Gold prices extended gains for a fourth day on Tuesday as political troubles and weaker-than-expected housing data in the United States dented the dollar while a more upbeat scenario in Europe lifted the euro. “The dollar is weak today, which has helped precious metals across the board,” said Carsten Menke, analyst at Julius Baer in Zurich. He attributed the move in the greenback to a combination of events in the United States and Europe.
Spot gold was up 0.6 percent at $1,237.85 an ounce by 3:30 p.m. EDT (1930 GMT), after rising to $1,239.10, the highest since May 4.U.S. gold futures settled up 0.5 percent at $1,236.40. The dollar index slipped to the weakest in more than six months after two U.S. officials said President Donald Trump disclosed highly classified information to Russia’s foreign minister about a planned Islamic State operation.
Investors regarded Trump’s difficulties as another obstacle to planned U.S. tax cuts and infrastructure spending that had boosted the dollar since the November election. Gold is used as an alternative investment during times of political and financial uncertainty. Also pressuring the dollar, the Commerce Department said housing starts dropped to the lowest level in five months.
“I think (the dollar) is the key catalyst,” Bill O’Neill, co-founder of LOGIC Advisors, said about the session’s main source of support for bullion prices. At the same time, markets were cheered by the outlook for Europe after German Chancellor Angela Merkel and new French President Emmanuel Macron agreed to draw up a roadmap to deepen European Union integration.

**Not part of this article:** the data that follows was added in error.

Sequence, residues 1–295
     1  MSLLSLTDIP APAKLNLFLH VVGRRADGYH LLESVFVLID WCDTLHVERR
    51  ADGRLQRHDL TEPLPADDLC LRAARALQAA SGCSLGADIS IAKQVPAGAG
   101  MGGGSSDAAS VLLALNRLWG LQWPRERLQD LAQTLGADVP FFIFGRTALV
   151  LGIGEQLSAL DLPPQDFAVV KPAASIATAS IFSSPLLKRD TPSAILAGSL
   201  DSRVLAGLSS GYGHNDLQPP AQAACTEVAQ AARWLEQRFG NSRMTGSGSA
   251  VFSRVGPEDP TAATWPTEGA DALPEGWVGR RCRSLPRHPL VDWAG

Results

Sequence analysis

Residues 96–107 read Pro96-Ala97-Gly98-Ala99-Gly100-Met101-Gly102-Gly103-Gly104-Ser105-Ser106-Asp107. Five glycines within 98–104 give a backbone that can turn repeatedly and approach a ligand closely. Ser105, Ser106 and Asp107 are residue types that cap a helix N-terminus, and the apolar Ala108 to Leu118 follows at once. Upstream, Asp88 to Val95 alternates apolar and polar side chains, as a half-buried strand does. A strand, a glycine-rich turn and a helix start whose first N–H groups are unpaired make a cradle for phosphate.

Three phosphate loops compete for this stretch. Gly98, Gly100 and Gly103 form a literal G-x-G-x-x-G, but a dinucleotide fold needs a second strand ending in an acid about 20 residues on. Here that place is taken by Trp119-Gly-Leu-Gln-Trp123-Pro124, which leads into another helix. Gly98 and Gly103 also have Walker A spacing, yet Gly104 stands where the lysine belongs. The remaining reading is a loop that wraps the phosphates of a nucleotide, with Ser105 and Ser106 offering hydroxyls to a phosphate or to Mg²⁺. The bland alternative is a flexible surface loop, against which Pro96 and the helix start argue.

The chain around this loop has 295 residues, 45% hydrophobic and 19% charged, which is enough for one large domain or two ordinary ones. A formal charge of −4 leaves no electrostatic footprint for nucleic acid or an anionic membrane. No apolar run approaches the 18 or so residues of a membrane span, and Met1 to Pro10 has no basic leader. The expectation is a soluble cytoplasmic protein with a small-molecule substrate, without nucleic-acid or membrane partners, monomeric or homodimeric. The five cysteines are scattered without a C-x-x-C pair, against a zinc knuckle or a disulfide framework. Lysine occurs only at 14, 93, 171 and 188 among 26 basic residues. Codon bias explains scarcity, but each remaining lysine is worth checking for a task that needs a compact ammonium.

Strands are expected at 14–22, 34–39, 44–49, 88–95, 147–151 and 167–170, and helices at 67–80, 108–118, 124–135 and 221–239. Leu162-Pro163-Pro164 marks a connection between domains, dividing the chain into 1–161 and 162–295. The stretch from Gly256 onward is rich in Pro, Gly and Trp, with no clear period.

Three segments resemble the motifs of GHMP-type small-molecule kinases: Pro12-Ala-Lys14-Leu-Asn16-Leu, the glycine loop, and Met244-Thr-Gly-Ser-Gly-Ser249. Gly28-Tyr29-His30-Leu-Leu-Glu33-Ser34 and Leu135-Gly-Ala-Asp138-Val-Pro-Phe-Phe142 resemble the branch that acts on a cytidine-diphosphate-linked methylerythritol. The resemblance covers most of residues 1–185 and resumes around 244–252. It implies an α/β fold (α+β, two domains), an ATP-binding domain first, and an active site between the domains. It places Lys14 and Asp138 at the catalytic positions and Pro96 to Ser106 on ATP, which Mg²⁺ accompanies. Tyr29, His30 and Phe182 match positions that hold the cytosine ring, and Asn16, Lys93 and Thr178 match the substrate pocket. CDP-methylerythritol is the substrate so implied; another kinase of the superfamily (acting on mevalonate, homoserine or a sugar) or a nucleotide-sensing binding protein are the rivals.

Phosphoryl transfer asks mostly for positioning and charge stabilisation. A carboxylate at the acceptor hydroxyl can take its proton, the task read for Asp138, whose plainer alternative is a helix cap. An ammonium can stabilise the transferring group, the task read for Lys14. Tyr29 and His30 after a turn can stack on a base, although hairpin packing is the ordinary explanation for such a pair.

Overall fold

Investors may become more cautious, however, due to recent global developments including a North Korean missile test and the “ransomware” cyber attack, which could lift gold prices over the next two weeks, said Mark To, head of research at Hong Kong’s Wing Fung Financial Group. Among other precious metals, silver rose 1.3 percent at $16.81 an ounce after tapping $16.86, the highest since May 3. Platinum rose 1 percent to $936.80, with a session high at $942, a two-week high.
A bullish signal for platinum has appeared in charts, said Stéphanie Aymes, head of technical analysis at Societe Generale. “Short term, platinum looks headed for $953, the trend line resistance and the 61.8 percent retracement of the last bout of down move, and $991,” she said in a note, adding that further targets would be $1,046 and $1,080. Producers, fabricators and traders have gathered for Platinum Week in London. Palladium edged down 0.6 percent to $791.75 an ounce, paring losses after dropping to $784.97, the lowest since April 20.